Besides my column, the magazine will include Shelli’s on hands-on science, a curriculum column, and one on books—in every issue. Other regular features include “One Subject, Four Ways,” “Balancing Act,” (something I think we’re all trying to do), and a profile of a homeschooling family. Each issue will also look at a different career path, and have sections devoted to varying grade levels: early grades, middle grades, and high school. And each issue will also include three feature articles. This is an ambitious, exciting-sounding outline for the sort of magazine I’ve been wishing existed.

Shelli and Amy, the editor-in-chief, have generously offered me the chance to give away a one-year digital subscription to the magazine to one of my readers. If you’re interested, leave a comment telling me why you’re excited for a new homeschooling magazine, and make sure to include your name and email address in the proper boxes. (If you’re chosen, I’ll also need your city/state and/or country, but this giveaway is open to everyone, worldwide.) As for me, I am most excited for the tangible connection to a larger community that I think this magazine will represent.

Comments will be open until next Tuesday, February 25, at 6 pm EST, and I’ll contact the winner (and update this post) on February 26.

Making+Listening::4/2014

The block-printing ink we use is water-soluble. Unlike oil-based ink, it’s non-toxic and easy to clean up (and truthfully, it’s the first one that concerns me more–my goal is always high quality, non-toxic art materials). However, it’s not permanent even when dry, which means we can’t go into a print with any wet media. So I did some poking around online and learned about Akua Intaglio inks. It’s soy-based, water-based, permanent, and cleans up with dish soap and water. I ordered a small container of black ink off Amazon to experiment with before going all in and ordering, well, lots of it.

hanging prints

I played with it earlier this week. (I also set up a simple registration system so my prints would be evenly centered.)

drying rock crab prints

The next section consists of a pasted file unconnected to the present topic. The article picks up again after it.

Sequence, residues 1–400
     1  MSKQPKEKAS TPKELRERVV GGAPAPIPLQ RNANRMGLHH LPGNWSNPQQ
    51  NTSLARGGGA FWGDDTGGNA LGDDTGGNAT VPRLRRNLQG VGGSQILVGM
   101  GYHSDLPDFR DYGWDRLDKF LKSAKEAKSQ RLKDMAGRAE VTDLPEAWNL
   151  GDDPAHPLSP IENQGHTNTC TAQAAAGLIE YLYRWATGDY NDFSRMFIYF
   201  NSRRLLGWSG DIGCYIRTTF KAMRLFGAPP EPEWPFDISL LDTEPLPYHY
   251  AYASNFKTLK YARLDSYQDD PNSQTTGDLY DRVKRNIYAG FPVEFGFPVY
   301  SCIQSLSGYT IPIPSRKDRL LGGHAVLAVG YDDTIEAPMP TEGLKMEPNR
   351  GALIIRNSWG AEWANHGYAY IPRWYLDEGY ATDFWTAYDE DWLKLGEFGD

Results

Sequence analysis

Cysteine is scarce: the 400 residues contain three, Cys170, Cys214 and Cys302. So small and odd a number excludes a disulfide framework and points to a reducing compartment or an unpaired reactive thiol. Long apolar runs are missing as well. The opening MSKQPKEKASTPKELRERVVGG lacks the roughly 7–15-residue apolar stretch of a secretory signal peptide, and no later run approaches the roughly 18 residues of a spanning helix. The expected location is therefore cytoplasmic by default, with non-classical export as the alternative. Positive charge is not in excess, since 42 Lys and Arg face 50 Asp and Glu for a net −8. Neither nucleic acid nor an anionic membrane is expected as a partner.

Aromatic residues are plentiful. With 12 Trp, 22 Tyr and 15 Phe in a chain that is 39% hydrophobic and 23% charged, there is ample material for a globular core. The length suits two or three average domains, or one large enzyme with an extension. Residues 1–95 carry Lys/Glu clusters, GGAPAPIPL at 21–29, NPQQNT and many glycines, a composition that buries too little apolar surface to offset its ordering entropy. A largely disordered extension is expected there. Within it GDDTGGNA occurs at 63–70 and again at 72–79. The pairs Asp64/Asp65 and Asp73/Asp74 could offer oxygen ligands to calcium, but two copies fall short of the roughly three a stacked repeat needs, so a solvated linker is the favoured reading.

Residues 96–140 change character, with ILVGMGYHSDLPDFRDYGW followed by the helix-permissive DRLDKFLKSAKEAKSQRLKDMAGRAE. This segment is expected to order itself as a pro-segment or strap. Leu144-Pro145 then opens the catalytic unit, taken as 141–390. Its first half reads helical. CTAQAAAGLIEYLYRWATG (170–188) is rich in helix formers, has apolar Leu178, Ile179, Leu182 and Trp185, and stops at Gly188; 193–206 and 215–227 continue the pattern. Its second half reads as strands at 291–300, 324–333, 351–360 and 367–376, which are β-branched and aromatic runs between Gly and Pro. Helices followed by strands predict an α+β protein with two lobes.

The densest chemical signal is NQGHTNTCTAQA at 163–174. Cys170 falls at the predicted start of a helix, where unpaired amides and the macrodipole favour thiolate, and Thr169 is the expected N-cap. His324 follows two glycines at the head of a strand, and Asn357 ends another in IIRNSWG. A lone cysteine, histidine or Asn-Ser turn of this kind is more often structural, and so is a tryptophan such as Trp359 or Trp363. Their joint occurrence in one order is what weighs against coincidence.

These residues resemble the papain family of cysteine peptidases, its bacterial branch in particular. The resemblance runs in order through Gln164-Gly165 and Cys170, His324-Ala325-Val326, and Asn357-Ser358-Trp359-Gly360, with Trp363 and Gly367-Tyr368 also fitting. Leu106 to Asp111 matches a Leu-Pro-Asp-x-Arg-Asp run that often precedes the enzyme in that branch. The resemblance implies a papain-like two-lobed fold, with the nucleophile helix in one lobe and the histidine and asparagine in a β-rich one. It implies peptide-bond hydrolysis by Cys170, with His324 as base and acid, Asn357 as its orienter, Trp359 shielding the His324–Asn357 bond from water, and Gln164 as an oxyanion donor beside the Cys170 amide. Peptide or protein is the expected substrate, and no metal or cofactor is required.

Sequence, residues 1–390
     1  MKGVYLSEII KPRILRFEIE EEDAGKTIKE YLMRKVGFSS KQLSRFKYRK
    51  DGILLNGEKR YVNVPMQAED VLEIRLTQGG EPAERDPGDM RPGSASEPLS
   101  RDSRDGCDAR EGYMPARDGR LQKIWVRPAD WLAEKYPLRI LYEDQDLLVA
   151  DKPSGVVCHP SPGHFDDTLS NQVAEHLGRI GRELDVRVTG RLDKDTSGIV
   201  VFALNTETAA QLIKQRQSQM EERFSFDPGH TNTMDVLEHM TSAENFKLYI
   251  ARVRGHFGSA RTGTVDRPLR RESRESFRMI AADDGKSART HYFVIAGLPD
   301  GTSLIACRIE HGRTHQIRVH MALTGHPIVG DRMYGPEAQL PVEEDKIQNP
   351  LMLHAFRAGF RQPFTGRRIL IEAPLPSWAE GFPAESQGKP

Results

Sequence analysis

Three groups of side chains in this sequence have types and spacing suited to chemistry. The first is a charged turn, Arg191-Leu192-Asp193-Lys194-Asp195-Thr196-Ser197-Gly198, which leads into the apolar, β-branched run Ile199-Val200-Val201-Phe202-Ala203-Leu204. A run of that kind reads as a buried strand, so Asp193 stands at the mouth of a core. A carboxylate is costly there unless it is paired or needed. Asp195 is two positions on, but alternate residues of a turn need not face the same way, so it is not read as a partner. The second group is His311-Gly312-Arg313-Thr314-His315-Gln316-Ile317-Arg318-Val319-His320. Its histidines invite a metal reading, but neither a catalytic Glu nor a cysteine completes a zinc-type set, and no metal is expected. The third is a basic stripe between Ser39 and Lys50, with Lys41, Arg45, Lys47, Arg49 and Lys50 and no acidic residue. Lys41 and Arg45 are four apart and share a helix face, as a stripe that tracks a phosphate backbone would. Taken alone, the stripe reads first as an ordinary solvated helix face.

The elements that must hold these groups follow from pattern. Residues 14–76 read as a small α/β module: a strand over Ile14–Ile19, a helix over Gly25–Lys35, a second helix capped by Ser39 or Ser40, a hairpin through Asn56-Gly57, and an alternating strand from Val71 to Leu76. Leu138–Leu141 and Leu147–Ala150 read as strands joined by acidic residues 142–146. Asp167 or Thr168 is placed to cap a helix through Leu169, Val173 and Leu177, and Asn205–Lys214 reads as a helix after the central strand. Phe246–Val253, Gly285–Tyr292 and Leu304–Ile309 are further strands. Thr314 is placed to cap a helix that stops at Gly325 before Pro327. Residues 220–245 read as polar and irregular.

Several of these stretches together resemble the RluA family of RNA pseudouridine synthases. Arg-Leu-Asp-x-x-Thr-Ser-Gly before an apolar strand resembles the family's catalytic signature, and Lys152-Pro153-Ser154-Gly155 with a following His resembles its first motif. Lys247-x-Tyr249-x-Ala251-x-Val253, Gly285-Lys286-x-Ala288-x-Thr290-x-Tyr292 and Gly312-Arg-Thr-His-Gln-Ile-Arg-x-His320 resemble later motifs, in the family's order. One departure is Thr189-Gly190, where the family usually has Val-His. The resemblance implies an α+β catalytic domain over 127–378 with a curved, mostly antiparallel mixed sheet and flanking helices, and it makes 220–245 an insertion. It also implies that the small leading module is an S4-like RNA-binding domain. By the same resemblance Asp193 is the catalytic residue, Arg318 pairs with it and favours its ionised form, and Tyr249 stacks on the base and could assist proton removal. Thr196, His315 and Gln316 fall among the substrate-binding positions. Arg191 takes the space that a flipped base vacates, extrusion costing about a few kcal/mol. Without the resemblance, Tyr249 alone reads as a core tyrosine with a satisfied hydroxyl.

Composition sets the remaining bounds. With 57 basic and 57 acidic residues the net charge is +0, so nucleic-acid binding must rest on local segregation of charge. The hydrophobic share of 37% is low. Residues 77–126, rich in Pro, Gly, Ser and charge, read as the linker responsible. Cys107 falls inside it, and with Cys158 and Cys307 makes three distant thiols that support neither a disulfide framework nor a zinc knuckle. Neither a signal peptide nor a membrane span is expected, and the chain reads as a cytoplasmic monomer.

This is my latest linocut, which I actually did a few weeks ago, but then needed to adjust, and I never posted about it. It’s from a sketch I made of a rock crab quite a while ago.

After the prints dried overnight, I added watercolor to one to see if the ink was, indeed, permanent.

watercolor + print

How delightful is that?! I’m not sure what to do with these. I think I should have cut the paper larger–it’s 5″ x 7″ (the print itself is 4″ x 6″). I’m mulling over the possibilities for these. And of course, the kids and I are also experimenting with this ink together–but I can’t show you that yet.

Since I’m calling this a Making + Listening post and linking up with Dawn, we’ve mostly been listening and watching the Olympics. The kids-at-home get to see events live in the mornings, which is fun, and they pulled out the world atlas so they could learn to identify the athletes’ countries by their flags. And when I’m working in the art area, either by myself or with the kids, it’s Pandora–back on the 80s station because I need the extra pep when I’m the only parent for the week.

Another Baby Sweater + Hat Set

baby sweater

Very quickly here to share the (finally) finished baby sweater and hat for my eldest’s teacher, who is due in April. (So look at me go! Finished with time to spare!) This has actually been done for a couple of weeks, waiting for me to get on with weaving in ends and knitting a hat and sewing on buttons–which are handpainted, from Peace Fleece, and they’ve been in my button stash for about ten years or so.

Other details: The sweater pattern is Assisted Hatching, the hat pattern is Ashen, the yarn is Tosh Vintage in denim, the needles were US size 7, and the cuteness is undeniable. That about sums it up.

And just a quick post because I’m also working on a custom order, wanting to try out some new soy-based ink, putting together the printmaking issue of the zine and thinking you will really like it, and solo parenting for the week. I’ll pop in again soon. Have a great Monday!

Prompt: Connect the Dots

I often use the writealm prompts in my own private writing, but rarely do I do anything with the results. Usually I’m just musing to myself. Every now and then, though, something results that I want to share more widely. Yesterday’s prompt was “connect the dots,” and this poem emerged. Thanks for indulging me as I share something not at all homeschool or art related.

Craning necks achingly backwards
squinting into inky blackness to find lines
between stars like glittered sand flung from a child’s shovel.
With persistence the haphazard disarray
brought into order
each shine assigned its place
connected with others to form images,
images connected with stories,
figures of myth fixed on high:
navigation linked to plot from the beginning.

I too seek meaning in the arbitrary,
looking to connect the plot points of my life,
seeking the inevitability of the space in which I stand,
tracing my way backwards, finding proof that I am
exactly
where I belong,
proof of the reliability of
the star map of my soul.